- “In which cases would you use edge or border testing?”
- “Could you provide an example of a negative test?”
- “To apply to this job, you must have solid knowledge on automation tools.”
- “We are looking for someone with communication skills, since they will have direct contact with clients.”
And so on. Companies require very specific skills from applicants and ask lots of questions before hiring someone for a big project —with the client you always dreamed of. Once hired, you believe everything will be as you anticipated: for a junior employee, it’s time to learn from the best, and for seniors, to show what they’re capable of.
A Quality Analyst in the Stone Age
Let’s consider one of those traditional, vertical companies with testing teams of different levels of seniority in charge of assuring that the product in maintenance doesn’t crash. After using the same technologies for years, the only thing such companies want is for the software to be stable in order to keep making profits. In the end, the product is an image of Fred Flintstone holding an iPhone in his hand: outdated but embellished with some degree of innovation.
The skilled testers hired for the job think they will start working with the best technologies and processes available, which would explain why the company required that level of experience and knowledge from them. Once they’re in, the situation is quite different. If you’ve ever worked in a company like this, the following exchange will seem familiar.
Old QA: “This is a known issue, it was reported back in 2015.”
New QA: “Ok, what about this? We are getting three pop-ups in a row, one after the other.”
Old QA: “Oh yeah, that’s normal.”
New QA: “What about this field? It’s for e-mails and it allows to write more than 30 characters.”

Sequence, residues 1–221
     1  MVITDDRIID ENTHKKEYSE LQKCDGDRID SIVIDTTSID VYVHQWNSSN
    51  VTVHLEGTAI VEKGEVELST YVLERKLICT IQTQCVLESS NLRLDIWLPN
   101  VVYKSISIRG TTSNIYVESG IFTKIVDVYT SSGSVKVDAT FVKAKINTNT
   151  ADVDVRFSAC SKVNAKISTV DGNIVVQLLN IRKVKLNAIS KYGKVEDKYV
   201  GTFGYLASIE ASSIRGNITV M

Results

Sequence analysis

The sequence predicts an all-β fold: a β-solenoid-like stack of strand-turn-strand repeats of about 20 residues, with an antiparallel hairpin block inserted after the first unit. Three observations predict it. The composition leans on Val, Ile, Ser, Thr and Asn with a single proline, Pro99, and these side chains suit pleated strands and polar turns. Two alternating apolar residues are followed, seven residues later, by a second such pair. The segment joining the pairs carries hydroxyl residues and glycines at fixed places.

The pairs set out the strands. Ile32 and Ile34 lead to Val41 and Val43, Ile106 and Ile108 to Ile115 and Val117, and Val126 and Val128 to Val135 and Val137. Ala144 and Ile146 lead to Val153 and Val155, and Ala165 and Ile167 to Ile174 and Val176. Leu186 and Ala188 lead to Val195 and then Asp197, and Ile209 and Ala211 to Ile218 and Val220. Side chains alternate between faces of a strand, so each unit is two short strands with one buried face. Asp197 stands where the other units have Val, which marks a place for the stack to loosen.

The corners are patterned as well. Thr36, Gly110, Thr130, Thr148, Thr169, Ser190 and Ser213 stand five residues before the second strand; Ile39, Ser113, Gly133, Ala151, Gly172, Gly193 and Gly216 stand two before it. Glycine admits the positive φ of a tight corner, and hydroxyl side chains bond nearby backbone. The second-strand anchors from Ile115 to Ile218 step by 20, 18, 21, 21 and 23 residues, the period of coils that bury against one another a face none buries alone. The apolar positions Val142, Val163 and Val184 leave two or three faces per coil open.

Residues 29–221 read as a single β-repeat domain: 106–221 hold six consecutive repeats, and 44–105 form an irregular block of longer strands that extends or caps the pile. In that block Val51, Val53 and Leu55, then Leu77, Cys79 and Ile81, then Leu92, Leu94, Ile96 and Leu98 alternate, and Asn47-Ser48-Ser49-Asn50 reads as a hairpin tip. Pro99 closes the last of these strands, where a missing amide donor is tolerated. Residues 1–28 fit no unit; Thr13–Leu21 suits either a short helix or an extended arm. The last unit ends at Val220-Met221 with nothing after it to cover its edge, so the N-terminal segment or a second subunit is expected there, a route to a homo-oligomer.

Old QA: “We are aware of that too, but it’s not for us to solve.”
What could we recommend someone thinking of working as a quality analyst in a traditional, vertical company? If you’ve already been in this situation, you know what we’re talking about, but if not, we will outline what you should consider before taking the leap.
- There are long and detailed processes for management tasks: you might encounter this kind of processes, which usually cover the same issues over and over again and prevent you from focusing in more productive work. Nevertheless, it helps you understand the fundamentals of management tasks, in terms of form.
- Lack of access to the source code: it may be the case that development and testing teams aren’t located in the same premises, so quality analysts will have to be more technical-specific when describing the issue, or even create themselves the build process of the version they need to test. However, their curiosity and willing to know more can make them approach white box testing.
- Prioritization of issues: this is where it gets complicated. Apparently, not every issue is an issue, instead it can be: a feature, an expected result, a minor bug, an issue that’s beyond reach and, therefore, put in an endless waiting list. In this way, the perception of what’s right and what’s incorrect gets distorted.
- Finally, you must understand that the client decides on the product’s quality: as much as we would like to have a perfect product with high quality standards, the truth is that the clients will always have the last word before a release.
Although being part of a conventional company may look alluring due to all the years they’ve been in the market, sometimes they aren’t flexible to changes, technology migrations, new challenges, or growing horizontally. For such companies, what works today is enough. It’s always advisable to put everything in the weighing scale and get perspective about the type of company each professional wishes to work in.
In the end, the quality analyst is where the center of the action is.
And there, less is more: less bureaucracy, more quality.
Less Fred Flintstone and more intive-FDV.